When buying a house, one of the most important decisions is to pick the right mortgage loan. There are several mortgage options to choose from in Canada, and this can make picking one difficult for first-time homebuyers. If you feel confused between 3-year fixed and 5-year fixed mortgage rates, the information provided below might be of help.
3-year fixed mortgage rate explained
What Is a 3-year fixed mortgage rate?
This defines the time during which the interest rate on your mortgage will remain fixed. Keep in mind that this is a completely different thing from amortization period of your mortgage. Amortization means the duration of the entire mortgage repayments, e.g., 25 years or 30 years.
When does a 3-year fixed mortgage rate make sense?
There are certain occasions when it makes more sense to go with 3-year fixed mortgage rate. Think of a period where the interest rates are falling. You speculate that the interest rates will fall only a little or remain at the current level for a time. In this case, lock yourself with a fixed interest for only three years. This way, you have the opportunity to take advantage of lower interest rates at the time you renew your mortgage. Short term fixed rates make sense for homeowners who are thinking of upgrading to a new home. With a short term fixed rate plan, you pay much less in penalties than with a 5-year fixed rate.
Comparing 3-year fixed mortgage rates with long term fixed rates
Before you decide your mortgage rate plan, it is best to compare it with long term options. If you believe premiums for a 5-year fixed rate are high, you might want to stay with a three-year plan. Historical data proves variable interest rates are more affordable. However, the certainty of your monthly payments with a fixed rate makes this rate more attractive for many home buyers.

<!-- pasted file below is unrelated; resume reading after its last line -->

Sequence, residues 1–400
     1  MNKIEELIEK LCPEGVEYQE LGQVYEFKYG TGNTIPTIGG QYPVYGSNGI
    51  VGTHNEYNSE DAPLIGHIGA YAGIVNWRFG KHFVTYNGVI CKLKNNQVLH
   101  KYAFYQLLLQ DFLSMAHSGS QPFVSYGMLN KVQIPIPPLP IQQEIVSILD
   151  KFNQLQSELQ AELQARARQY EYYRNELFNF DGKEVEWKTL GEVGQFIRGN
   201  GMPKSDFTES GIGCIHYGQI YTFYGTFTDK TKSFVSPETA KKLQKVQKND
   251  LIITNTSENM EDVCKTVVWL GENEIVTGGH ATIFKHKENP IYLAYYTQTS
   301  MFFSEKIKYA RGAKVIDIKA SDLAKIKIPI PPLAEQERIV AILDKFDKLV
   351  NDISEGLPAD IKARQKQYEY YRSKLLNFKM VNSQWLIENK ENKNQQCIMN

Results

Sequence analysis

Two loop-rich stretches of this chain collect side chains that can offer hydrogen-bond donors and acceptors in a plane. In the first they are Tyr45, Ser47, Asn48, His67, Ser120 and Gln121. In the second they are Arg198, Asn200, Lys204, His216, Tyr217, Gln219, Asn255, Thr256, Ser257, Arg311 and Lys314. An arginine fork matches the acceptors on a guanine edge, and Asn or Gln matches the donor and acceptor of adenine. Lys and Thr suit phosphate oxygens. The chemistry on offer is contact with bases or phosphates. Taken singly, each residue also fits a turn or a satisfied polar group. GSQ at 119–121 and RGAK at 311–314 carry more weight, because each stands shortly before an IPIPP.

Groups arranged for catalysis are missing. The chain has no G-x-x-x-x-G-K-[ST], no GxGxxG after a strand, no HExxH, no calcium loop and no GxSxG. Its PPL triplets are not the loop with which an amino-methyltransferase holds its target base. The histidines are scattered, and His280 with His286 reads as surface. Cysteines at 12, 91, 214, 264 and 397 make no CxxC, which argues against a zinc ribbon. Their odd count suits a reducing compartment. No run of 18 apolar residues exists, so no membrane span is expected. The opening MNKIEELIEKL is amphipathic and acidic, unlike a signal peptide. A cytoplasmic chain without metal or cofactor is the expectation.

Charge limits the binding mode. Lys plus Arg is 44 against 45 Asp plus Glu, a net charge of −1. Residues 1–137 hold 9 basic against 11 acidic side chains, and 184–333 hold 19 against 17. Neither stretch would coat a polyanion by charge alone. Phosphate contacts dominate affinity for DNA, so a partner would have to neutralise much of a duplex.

Are 3-year mortgage rates popular?
Statistics show that only 20% Canadians are interested in keeping their mortgage rates fixed for two to four years. Short-term fixed rates are more popular in younger home buyers. Younger buyers seem not as concerned with making their interest rates fixed because they are less afraid of risk.
5-year fixed mortgage rate explained
What Is a 5-year fixed mortgage rate?
5-year fixed mortgage rate follows the same idea as a 3-year fixed rate. With this option, your interest rate on the mortgage remains fixed/constant for five years. After five years, the mortgage interest rates will change. Once again, the amortization period is the length of the mortgage program in its entirety.
People pick termed fixed rates to avoid fluctuations in interest rates. At the same time, they like the idea of treating their mortgage payment as a fixed expense every month. The payment can change every month with variable interest rate. When you choose the 5-year term with 3% fixed interest rate, payments will be the same, even if interest rates fluctuate from 3% to 4%. However, every home buyer has to meet certain requirements before they can take advantage of the 5-year fixed rates.
When does a 5-year fixed mortgage rate make sense?
Before you choose a 5-year fixed rate, compare it with the variable interest rates. Calculate the difference between the two rates and see how much you will save at the end of 5 years. Keep in mind that your short-term fixed rate will always be higher than variable rates. If the total difference calculated over five years is a significant saving, go for it.
Once again, the biggest advantage of fixed rate mortgage is that you are certain about your monthly mortgage payments. You don’t have to constantly worry about the fluctuating rates of interest in the market. You can take better financial decisions due to the certainty of your expenses.
A 5-year fixed rate also makes sense when the difference between this and a shorter termed fixed rate is small. Being locked into a fixed rate for five years is a better value than a 2 or 3-year fixed rate. We recommended you pick 5-year term when the interest rates are as low as you think they will go.
How popular are 5-year fixed mortgage rates?
They are quite popular in Canada, just as much as fixed rates, Both rest at 66% of all mortgages. The most basic term option available is one year and the maximum is 10 years. This puts a 5-year term right in the middle, giving it a risk-neutral place.
Terms with durations of more than five years comprise of only 8% of all mortgages. The popularity of shorter terms than five years is not much higher than 25% either. The only other favorite interest rate choice for Canadians is fixed rates with 66% popularity.
What affects the 5-year mortgage rates?
The pattern for 5-year Canada bond yields and 5-year fixed mortgage rates are pretty similar. This is because when bond yields are high, the mortgage rates will also be high. To meet the demand for bond yields, the lenders run short of finances for their mortgage program. This causes the mortgage rates to go high as well.